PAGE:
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CMS

Two new telehealth resources for your practice and your patients

In response to the increased use and expanded coverage of telehealth during the COVID-19 pandemic, From Coverage to Care (C2C) released two new resources to support providers and patients in making the most of virtual care: Telehealth for Providers: What You Need to Know – Providers can learn how and when to use telehealth. Topics include how to set up telehealth services, how to conduct a successful visit, and how to keep up to date on telehealth payment (particularly for Medicare and Medicaid). Telehealth: What to Know for Your Family – Patients can find out the types of care they can receive through telehealth, how to prepare for an appointment, what to expect during a visit, and more. This resource is also available in Spanish. Providers and partners can download graphics to post… . . . read more.

Hiring mistakes come at a higher price amid pandemic

A hiring mistake could cost your office more today than it would have a year ago. New research from a global staffing firm shows more than three in four senior managers surveyed (77 per cent) admit to recruiting the wrong candidate for a role, and more than half (56 per cent) said the negative impact is more severe now than it was a year ago. Four months lost on one hiring mistake When it comes to their most recent regrettable hire, senior managers said it took 11 weeks, on average, to realize the person was a poor match and to let them go, and an additional 5 weeks to restaff the role. That’s a total of 16 weeks, or 4 months, of time squandered on a recruiting blunder. Companies have… . . . read more.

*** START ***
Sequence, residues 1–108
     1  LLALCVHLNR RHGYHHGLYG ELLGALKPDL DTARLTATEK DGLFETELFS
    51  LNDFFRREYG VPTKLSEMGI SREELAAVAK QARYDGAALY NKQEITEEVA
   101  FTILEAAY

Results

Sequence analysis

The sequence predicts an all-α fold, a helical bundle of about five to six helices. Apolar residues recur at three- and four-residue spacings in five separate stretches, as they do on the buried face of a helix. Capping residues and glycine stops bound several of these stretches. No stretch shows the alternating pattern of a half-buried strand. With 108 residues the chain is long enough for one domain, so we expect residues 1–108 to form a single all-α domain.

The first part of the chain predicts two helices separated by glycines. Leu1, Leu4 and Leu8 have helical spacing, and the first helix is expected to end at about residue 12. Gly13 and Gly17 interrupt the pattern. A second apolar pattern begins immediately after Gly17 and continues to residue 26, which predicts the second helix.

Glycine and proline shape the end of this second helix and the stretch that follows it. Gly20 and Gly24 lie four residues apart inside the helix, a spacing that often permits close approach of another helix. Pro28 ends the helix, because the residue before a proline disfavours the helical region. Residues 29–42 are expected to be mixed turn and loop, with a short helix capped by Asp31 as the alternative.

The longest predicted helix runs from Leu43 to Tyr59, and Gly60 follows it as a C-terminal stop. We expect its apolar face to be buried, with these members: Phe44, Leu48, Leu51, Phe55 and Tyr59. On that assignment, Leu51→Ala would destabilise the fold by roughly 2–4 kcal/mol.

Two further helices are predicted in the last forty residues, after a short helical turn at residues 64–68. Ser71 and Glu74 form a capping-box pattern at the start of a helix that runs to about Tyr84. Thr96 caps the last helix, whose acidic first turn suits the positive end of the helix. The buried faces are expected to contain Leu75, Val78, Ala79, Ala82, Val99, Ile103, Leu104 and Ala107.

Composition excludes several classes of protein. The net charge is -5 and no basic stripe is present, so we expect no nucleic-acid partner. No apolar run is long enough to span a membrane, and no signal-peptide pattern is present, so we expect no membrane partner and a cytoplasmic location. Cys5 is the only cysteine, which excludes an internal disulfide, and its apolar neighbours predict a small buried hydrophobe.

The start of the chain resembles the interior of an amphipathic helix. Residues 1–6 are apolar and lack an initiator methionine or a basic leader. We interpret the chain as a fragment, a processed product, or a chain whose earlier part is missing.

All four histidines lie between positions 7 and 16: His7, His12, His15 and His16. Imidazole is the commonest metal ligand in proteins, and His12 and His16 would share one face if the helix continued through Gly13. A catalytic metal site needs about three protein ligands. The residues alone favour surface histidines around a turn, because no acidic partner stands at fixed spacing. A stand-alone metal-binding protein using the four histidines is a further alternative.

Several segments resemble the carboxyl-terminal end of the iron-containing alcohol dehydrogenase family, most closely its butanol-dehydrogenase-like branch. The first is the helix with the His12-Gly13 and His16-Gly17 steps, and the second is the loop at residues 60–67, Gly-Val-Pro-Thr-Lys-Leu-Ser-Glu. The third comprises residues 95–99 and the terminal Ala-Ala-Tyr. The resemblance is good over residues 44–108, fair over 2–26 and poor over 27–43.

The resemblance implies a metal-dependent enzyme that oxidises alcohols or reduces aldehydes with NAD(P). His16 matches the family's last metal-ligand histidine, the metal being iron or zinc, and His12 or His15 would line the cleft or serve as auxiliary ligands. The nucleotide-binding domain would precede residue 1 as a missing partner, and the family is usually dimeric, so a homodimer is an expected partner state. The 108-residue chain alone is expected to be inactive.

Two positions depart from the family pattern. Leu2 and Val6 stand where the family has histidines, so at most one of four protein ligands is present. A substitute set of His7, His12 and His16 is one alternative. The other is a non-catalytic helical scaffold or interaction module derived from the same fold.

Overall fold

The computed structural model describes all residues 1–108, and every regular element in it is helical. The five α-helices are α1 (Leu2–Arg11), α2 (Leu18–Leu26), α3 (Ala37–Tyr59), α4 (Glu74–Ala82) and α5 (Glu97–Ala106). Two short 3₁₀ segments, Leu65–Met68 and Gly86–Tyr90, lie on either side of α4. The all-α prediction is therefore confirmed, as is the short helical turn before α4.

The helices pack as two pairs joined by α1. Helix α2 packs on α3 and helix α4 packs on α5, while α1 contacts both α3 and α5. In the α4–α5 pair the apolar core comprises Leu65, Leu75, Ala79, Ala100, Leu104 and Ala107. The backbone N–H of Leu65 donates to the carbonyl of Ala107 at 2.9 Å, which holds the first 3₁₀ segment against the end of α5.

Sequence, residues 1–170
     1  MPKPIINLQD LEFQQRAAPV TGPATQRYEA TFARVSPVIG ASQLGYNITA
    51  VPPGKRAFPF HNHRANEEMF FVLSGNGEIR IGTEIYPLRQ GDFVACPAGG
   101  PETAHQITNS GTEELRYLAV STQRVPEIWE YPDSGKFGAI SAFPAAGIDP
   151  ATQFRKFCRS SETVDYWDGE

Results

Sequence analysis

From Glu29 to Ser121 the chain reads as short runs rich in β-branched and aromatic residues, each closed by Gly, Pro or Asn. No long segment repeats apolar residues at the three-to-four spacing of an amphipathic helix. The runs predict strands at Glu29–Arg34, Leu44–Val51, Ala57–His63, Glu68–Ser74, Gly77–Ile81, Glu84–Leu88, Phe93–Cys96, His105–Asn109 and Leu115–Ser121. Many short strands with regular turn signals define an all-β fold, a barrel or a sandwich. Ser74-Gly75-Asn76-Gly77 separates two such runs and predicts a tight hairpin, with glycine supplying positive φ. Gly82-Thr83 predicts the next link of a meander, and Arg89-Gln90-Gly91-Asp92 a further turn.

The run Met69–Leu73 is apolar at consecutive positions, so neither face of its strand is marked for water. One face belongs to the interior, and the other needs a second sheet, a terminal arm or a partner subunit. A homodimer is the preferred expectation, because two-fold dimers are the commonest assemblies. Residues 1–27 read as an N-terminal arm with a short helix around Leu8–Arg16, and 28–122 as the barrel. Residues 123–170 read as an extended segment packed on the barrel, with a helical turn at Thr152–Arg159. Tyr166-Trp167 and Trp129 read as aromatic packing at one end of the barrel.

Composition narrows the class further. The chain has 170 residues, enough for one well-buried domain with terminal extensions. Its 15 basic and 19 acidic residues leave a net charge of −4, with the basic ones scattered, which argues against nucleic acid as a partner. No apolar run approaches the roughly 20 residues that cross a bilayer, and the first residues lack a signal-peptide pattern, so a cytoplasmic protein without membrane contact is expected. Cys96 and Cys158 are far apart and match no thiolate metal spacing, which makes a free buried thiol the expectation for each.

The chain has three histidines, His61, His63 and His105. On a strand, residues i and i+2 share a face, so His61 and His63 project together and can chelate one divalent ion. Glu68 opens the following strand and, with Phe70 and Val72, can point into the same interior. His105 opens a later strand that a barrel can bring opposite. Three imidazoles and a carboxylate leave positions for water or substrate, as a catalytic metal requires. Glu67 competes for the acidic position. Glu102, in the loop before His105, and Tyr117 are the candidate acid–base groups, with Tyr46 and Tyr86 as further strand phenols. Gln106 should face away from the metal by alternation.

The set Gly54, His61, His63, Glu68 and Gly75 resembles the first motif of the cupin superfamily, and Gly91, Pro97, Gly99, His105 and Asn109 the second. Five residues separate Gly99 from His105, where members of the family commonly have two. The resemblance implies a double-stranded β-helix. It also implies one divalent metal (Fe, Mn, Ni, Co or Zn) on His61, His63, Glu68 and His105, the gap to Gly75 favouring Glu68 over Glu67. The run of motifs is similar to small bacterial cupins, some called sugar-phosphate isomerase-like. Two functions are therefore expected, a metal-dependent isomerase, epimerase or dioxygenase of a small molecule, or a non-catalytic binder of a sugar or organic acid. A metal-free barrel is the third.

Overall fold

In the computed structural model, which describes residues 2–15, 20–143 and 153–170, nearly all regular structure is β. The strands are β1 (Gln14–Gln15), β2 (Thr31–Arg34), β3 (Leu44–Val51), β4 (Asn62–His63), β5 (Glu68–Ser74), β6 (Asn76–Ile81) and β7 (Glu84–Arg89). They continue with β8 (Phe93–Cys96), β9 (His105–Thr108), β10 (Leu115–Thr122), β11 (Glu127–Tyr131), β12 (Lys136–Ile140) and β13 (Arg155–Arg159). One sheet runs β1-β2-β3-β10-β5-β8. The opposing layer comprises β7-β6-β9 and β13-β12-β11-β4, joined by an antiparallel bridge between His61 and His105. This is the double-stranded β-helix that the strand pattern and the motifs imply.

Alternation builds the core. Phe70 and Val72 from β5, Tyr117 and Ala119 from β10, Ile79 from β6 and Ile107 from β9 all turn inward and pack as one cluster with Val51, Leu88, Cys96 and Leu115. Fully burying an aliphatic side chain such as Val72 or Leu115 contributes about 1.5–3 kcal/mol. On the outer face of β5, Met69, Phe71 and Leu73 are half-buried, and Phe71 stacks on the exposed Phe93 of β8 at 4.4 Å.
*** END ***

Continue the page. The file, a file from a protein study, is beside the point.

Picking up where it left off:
HIRING

Prepare behavioral questions for the best interviews

By Paul Edwards  bio Stop us if you’ve heard this job interview cliche before: In the middle of interviewing a candidate, the hiring manager asks, “What is your greatest weakness?” Without missing a beat, the candidate smiles slightly, folds their hands on their knees, and responds “My greatest weakness is that I work too hard.” Ugh! If you’ve ever been in a position to hire in the past—or have ever been interviewed for a job, yourself—it’s enough to make your stomach turn. Implicitly, our professional minds understand that this is a bad interview question. Terrible, really. But what, specifically, makes it a bad interview question? Not only does it put the candidate in the awkward position of having to either lie or speak to a personal shortcoming during an already… . . . read more.

MANAGING PATIENTS

How to proactively communicate COVID-19 FAQs to patients